Destiny Street Complete – Richard Hell and the Voidoids (Omnivore)
Reports that “Destiny Street” had been re-recorded and was being pressed on vinyl in 2004 were alarming. The late Robert Quine was five years gone and his wired, highly-strung guitar-playing was an essential and revered element of just about anything the Voidoids did. This was surely an act of madness, if not sacrilege.
Its prime creator, Richard Hell, had never been happy with “Destiny Street”, the 1982 follow-up to “Blank Generation” that was recorded in troubled circumstances. Hell was debilitated by a drug habit and absent for much of the sessions. His penchant for intravenous coke to counter his reliance on smack had left him fried and unable to leave his apartment for long periods of time. His attempt to make his mark while largely AWOL was to summon up guitar overdub after overdub.
In case you never noticed, this place often celebrates the weird and non-conformist end of the rock and roll spectrum, and it doesn’t come much stranger than Swiss band Roy and the Devil’s Motorcycle.
Resident on the Voodoo Rhythm label (“Music to Ruin Any Party”) since it first released this, their debut 10-inch mini-album, back in 1996, its mix of bass-less, guitar distort-skronk and megaphonic vocals sounded fucked up then and sounds fucked up today.
It’s worth adding context: “Good Morning Blues” was unleashed on a world full of techno and the Real Rock and Roll landscape was a wasteland. Major labels still roamed what a musical Jurassic Park, looking for underground bands from which they could extract blood and turn into mainstream melange. A dead dog’s scrotum had more chance of being signed than Roy and the Devil’s Motorcycle.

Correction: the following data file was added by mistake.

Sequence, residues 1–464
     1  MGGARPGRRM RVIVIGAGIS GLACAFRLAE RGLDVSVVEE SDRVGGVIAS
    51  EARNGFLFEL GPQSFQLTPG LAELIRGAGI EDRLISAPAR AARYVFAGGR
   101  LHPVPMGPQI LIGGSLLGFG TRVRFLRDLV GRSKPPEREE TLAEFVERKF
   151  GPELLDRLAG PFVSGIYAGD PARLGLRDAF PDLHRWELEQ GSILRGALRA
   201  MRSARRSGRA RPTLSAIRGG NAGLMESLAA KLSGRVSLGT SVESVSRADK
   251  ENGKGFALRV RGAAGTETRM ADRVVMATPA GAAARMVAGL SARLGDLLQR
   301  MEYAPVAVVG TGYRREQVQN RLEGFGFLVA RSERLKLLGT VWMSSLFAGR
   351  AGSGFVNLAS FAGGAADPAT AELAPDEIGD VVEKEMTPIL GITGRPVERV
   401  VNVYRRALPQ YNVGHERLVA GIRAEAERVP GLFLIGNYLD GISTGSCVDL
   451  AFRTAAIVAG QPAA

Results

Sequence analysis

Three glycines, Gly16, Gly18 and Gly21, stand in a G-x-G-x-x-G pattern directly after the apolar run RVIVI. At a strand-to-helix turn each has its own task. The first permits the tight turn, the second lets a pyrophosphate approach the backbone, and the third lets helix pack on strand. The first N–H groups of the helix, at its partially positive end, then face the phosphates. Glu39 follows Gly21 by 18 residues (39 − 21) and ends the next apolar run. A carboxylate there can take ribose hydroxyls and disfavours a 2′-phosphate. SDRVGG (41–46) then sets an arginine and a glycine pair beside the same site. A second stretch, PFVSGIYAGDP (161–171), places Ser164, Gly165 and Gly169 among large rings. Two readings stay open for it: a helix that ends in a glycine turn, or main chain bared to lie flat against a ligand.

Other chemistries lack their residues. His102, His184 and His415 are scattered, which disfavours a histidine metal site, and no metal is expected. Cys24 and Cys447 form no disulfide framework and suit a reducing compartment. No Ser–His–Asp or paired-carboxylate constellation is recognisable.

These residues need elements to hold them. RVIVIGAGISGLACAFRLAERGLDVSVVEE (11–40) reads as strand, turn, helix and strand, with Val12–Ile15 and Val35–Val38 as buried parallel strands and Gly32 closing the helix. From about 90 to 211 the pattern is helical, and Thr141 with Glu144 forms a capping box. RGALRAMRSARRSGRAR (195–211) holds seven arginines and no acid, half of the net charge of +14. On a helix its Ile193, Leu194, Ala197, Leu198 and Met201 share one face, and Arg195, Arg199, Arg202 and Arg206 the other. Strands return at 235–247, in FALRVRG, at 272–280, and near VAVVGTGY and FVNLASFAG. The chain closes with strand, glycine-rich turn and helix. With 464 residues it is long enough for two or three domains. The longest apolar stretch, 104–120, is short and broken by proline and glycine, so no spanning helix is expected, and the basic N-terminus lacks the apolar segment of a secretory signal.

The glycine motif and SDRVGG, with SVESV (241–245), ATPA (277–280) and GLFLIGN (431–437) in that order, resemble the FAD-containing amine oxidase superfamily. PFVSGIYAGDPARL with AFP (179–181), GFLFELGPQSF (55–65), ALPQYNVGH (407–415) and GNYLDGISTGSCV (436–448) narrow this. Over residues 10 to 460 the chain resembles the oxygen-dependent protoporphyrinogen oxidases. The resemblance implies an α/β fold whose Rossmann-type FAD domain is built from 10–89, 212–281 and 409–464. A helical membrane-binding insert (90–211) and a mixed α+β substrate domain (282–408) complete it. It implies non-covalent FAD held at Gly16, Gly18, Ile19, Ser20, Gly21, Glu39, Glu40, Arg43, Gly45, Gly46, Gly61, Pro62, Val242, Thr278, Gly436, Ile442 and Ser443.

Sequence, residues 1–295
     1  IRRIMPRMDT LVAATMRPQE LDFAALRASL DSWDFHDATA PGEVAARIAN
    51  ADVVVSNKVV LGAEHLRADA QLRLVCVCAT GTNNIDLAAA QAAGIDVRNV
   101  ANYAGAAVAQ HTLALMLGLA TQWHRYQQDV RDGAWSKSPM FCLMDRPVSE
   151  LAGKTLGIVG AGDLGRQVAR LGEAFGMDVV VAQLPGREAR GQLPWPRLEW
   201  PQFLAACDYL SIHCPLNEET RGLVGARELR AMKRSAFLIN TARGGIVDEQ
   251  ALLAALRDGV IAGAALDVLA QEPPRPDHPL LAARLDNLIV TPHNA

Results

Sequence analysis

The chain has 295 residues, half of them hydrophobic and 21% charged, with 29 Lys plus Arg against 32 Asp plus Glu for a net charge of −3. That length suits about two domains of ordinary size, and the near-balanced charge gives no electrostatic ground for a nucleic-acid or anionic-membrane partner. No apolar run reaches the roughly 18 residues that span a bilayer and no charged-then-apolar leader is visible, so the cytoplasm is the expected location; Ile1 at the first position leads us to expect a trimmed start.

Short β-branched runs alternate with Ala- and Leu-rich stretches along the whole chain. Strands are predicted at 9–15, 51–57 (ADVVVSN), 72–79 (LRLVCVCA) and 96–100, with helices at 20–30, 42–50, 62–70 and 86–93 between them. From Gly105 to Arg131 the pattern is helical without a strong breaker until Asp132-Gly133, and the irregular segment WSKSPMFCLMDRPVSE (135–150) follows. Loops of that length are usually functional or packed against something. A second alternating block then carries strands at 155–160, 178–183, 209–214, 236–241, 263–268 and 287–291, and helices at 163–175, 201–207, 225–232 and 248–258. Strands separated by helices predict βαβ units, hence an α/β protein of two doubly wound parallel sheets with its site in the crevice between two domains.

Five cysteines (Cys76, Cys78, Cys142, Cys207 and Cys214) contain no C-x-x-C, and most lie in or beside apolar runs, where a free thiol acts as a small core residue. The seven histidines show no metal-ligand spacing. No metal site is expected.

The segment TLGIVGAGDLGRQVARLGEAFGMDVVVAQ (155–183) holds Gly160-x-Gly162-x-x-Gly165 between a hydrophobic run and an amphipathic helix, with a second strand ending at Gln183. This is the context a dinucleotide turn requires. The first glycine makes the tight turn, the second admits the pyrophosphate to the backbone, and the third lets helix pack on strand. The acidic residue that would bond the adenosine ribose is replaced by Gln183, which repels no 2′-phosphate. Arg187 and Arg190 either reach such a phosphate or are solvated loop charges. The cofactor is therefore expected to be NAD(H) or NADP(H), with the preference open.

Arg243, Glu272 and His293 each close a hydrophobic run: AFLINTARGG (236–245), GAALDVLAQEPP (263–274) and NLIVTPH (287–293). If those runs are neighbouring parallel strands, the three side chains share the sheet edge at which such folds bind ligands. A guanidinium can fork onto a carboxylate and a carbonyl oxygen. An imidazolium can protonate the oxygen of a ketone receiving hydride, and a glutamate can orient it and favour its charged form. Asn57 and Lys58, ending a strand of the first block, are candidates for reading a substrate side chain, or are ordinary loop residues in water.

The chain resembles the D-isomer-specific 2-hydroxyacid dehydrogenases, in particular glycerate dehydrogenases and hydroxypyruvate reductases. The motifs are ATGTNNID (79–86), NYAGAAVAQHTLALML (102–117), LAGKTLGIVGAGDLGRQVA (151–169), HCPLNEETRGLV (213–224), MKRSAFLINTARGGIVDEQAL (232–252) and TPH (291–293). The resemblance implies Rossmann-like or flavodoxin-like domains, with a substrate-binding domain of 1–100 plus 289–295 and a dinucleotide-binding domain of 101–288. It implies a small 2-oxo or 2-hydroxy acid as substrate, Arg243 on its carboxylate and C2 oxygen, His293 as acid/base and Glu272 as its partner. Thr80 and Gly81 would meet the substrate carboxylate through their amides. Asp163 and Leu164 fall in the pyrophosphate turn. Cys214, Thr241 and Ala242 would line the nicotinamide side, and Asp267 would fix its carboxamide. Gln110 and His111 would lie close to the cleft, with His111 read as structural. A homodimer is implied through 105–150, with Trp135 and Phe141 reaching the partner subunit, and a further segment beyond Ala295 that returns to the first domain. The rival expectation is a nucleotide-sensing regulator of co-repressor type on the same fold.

Write about the things you know, the critics say. And when songwriters do, they run the risk of being taken down in a hail of journalistic bullets for crimes like inauthenticity, awkwardness or bandwagon jumping.
There’s no risk of TV Smith suffering that fate with his latest album, “Lockdown Holiday”, a stark and compelling take on his own experience with the dreaded COVID clusterfuck.
The ex-Adverts punk is still standing after 50 lives dates were cancelled - a fate shared by many in these fucked-up times. - but his own experience was enlivened, somewhat, by him and his partner being mowed down by The Plague. following close contact with an infected roadhouse patron in the early stages of the pandemic.
Better late than never, Melbourne’s the Casanovas will get back to doing what they do best – rock ’n’’rolling under lights, on a stage, in front of an audience – when they launch their much-acclaimed fourth album “Reptillian Overlord” at Richmond’s Corner Hotel on March 6.
Released back in August 2020, Reptilian Overlord was the Casanovas’ first album in five years and arguably the best-reviewed album of their 20 year career.
Produced by iconic Oz Rock engineer/producer Mark Optiz (AC/DC, Angels, Chisel, Divinyls), and featuring singles “Hollywood Riot” (which was appropriately picked up by legendary LA DJ Rodney Bingenheimer) and “Lost and Lonely Dreams”, it attracted plenty of attention and thoroughly deserved a live launch. Our Man in Dimboola Ron Brown's review is here.
Remember in the 1990s when rock and roll was still vaguely dangerous and one of the eternal sources of fascination was seeing which underground act would be the next for the evil major labels to sink their fangs into and attempt to “cross them over” into the mainstream?
It was a grim game of Russian Roulette where you knew that whichever band succumbed was at short odds to either end up on a scrapheap with the creative life sucked out of its bones, or limp on as a cashed-up and pale shadow of its former self.
"The idea that 'disinformation' is something that just happened during the last four years is absurd. How did the U.S. public become the most ill-informed, easily manipulated public on the planet if not as a result of systematic 'disinformation' from the rulers? Now these same rulers want to 'regulate' social media speech." - Ajamu Baraka